This is one of those stories that the Big Media usually doesn’t make much of, but it could have a major impact on the way the government does business.
Lobbyists pushed off advisory panels
White House initiative to limit influence could affect thousands
By Dan Eggen
Washington Post Staff Writer
Friday, November 27, 2009
Hundreds, if not thousands, of lobbyists are likely to be ejected from federal advisory panels as part of a little-noticed initiative by the Obama administration to curb K Street’s influence in Washington, according to White House officials and lobbying experts.
The new policy — issued with little fanfare this fall by the White House ethics counsel — may turn out to be the most far-reaching lobbying rule change so far from President Obama, who also has sought to restrict the ability of lobbyists to get jobs in his administration and to negotiate over stimulus contracts.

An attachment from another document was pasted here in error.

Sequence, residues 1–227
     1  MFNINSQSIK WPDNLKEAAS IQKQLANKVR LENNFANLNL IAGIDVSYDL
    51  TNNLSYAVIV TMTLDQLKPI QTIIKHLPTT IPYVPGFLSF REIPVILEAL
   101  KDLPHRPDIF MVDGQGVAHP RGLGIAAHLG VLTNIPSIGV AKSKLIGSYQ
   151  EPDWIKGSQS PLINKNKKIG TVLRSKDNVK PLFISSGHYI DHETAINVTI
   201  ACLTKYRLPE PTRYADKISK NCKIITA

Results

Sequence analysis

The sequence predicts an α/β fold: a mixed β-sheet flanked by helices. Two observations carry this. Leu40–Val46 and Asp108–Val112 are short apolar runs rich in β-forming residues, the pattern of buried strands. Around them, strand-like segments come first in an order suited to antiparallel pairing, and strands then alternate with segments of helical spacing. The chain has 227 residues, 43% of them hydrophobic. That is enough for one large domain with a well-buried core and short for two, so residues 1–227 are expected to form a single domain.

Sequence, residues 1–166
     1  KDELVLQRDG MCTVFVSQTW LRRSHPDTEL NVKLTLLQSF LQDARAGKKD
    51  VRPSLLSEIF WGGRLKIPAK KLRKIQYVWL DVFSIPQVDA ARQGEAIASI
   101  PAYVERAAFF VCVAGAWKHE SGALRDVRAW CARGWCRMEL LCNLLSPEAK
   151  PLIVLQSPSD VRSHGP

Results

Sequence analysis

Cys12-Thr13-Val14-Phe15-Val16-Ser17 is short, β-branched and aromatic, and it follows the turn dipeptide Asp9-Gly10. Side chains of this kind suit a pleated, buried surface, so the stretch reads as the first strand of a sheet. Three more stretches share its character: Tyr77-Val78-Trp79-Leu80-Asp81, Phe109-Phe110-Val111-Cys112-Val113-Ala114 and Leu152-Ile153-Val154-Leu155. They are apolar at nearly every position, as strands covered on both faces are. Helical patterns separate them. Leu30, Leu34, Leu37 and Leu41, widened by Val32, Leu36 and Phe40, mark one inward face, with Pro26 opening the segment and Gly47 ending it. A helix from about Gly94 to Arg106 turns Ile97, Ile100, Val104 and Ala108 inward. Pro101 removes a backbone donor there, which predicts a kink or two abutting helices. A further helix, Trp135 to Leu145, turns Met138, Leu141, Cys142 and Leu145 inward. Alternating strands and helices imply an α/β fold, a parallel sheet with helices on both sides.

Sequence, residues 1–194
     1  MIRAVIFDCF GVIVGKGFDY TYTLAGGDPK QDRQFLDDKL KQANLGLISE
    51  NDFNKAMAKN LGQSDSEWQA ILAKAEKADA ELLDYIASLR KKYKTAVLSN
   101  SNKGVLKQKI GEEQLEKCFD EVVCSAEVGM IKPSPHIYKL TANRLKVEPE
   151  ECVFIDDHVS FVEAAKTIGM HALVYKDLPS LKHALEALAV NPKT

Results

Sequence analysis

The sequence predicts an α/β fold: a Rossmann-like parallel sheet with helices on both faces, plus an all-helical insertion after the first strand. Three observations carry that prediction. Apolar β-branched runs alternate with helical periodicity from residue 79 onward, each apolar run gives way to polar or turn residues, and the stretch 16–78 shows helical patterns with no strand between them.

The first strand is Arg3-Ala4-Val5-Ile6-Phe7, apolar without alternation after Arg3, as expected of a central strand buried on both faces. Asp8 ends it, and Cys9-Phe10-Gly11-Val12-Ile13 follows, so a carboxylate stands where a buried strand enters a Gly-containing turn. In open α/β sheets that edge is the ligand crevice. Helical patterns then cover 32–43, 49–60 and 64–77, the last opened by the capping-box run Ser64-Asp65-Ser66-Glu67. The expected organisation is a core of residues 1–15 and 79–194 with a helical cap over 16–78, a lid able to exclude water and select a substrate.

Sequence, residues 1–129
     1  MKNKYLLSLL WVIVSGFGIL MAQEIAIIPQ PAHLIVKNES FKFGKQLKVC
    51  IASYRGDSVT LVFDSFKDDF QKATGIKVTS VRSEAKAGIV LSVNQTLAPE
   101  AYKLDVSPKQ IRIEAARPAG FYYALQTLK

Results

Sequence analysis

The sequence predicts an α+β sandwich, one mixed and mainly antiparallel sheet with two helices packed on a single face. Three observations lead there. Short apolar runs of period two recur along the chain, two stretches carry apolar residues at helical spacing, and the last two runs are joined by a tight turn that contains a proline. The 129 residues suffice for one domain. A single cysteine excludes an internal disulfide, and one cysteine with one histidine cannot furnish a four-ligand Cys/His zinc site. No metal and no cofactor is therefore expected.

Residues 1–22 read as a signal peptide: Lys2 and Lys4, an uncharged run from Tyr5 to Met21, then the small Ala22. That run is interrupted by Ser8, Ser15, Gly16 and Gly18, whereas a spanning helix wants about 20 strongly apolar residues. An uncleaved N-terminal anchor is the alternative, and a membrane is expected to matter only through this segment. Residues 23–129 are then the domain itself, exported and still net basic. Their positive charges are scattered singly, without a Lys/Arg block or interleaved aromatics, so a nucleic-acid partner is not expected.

The initiative is aimed at a system of advisory committees so vast that federal officials don’t have exact numbers for its size; the most recent estimates tally nearly 1,000 panels with total membership exceeding 60,000 people.
Under the policy, which is being phased in over the coming months, none of the more than 13,000 lobbyists in Washington would be able to hold seats on the committees, which advise agencies on trade rules, troop levels, environmental regulations, consumer protections and thousands of other government policies.
“Some folks have developed a comfortable Beltway perch sitting on these boards while at the same time working as lobbyists to influence the government,” said White House ethics counsel Norm Eisen, who disclosed the policy in a September blog posting on the White House Web site. “That is just the kind of special interest access that the president objects to.”
But lobbyists and many of the businesses they represent say K Street is being unfairly demonized by a White House intent on scoring political points with scandal-weary voters. They warn that the latest policy will severely handicap federal regulators, who rely heavily on advisory boards for technical advice and to serve as liaisons between government and industry.
Copyright 2009 The Washington Post.
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